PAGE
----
Ever been stuck in one of those endless Netflix searches for just the right documentary to watch? We feel for you. Netflix is an endlessly rich resource - and in that endlessness lies precisely the problem. Luckily we've done the hard work for you and - from Formula One to a friendly octopus and New York's most famous drag queen - we have some of the answers. So sit back, open the snacks and binge on our pick of five of the best Netflix documentaries streaming now.
Not just a documentary, an unmissable Oscar-winning life-affirming experience, My Octopus Teacher follows South African film-maker Craig Foster as he spends a year forming an extraordinary bond with a wild common octopus. Like Foster, you'll find yourself becoming part of the octopus's life, understanding where she sleeps, how she finds food - and fends off enemies. We'll not say too much more except that as the documentary progresses you too will find that the dense kelp forest in False Bay near Cape Town where the octopus spends her life, becomes something approaching your home too. Simply mesmerising.
Don't like Formula One? We challenge you to resist after viewing even a few episodes of the three-series access-all-areas documentary Drive to Survive. It's brought legions of new fans to Formula One, precisely because drivers are revealed as actual human beings, not just automatons who drive at 200 mph and give anodyne interviews afterwards. An unlikely star is the straight-talking Gunther Steiner, team principal of the tailender Haas team, who wastes no words when it comes to giving a dressing down to his drivers. A must-watch for anyone even slightly interested in motor sport.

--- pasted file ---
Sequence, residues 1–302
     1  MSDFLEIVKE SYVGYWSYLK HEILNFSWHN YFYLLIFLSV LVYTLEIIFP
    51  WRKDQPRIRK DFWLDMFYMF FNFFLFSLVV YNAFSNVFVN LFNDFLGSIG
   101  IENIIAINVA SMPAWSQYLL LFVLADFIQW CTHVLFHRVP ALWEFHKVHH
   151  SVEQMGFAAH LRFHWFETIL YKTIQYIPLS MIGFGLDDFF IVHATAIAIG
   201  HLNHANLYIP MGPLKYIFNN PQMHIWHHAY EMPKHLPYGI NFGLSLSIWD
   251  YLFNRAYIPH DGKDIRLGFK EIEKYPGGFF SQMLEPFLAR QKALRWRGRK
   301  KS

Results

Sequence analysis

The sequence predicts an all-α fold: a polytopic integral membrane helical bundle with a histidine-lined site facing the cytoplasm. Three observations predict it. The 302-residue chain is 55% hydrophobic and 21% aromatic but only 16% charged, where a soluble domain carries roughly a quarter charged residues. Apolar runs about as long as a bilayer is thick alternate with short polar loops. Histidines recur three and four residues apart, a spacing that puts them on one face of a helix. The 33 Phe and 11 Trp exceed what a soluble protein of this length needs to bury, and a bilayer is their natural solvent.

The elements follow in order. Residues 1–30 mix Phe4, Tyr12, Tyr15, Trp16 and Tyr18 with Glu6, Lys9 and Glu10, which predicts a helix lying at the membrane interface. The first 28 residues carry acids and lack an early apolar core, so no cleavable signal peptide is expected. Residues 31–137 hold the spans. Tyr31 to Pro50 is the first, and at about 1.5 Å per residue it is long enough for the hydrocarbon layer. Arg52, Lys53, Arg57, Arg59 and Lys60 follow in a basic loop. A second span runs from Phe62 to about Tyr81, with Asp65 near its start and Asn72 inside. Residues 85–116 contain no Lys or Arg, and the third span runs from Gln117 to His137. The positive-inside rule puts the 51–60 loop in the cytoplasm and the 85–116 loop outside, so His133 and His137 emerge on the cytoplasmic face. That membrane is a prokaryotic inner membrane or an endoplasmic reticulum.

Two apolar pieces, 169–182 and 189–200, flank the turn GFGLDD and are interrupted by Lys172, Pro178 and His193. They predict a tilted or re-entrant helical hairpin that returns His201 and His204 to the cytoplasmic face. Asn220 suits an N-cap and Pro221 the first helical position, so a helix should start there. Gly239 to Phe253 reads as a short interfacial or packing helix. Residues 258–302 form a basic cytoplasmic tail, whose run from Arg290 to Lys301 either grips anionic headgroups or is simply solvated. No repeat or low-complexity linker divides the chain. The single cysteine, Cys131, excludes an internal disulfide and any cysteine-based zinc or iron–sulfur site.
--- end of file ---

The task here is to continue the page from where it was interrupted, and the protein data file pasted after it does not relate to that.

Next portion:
And what a life. Martha P Johnson was a pioneering gay activist in New York City in the late 1960s, a self-described drag queen who was prominent in the Stonewall riots of 1969 in Greenwich Village, a pivotal moment in the fight for LGBT+ rights. Johnson knew everyone and it seems did everything: from working with Andy Warhol and performing onstage with a drag theatre company to becoming a leading AIDS activist as HIV emerged to decimate the gay population of New York in the 1980s. This is essential contemporary history, told with real verve.
First a warning: you may never look at fish and chips in quite the same way again. Seaspiracy examines in often horrifying detail the impact that us humans have on marine life of all kinds, from over-fishing to the amount of plastics we've dumped in the oceans. It's not an optimistic picture. As activist director Ali Tabrizi puts it, "With ocean ecosystems on the verge of collapse, and the human implications that follow, we must ask ourselves what kind of world we wish to live in." This is compelling filmmaking - but it has attracted criticism too, The New York Times saying the documentary's message is sometimes "lost in a sea of murky conspiratorial thinking". Watch it for yourself, and then decide. Probably better to avoid the seafood snacks, though.
If you think a mushroom is just a handy pizza topping, think again. Using often dazzling film-making techniques - including genuinely pioneering time-lapse photography that verges, appropriately, on the psychedelic - director Louie Schwartzberg reveals the frankly astonishing hidden world of fungi in general and mushrooms in particular. There is much about the magic - intelligence even - of fungi, and so persuasive is Fantastic Fungi that it's hard not to get swept away in its message of optimism, hope and enthusiasm for these extraordinary organisms. While some have found the narration - by film star Brie Larson - a little cloying, we're just stunned by those images. One to watch again and again.
More infotainment awaits: discover our pick of the best tech podcasts.
We'll keep you up to date.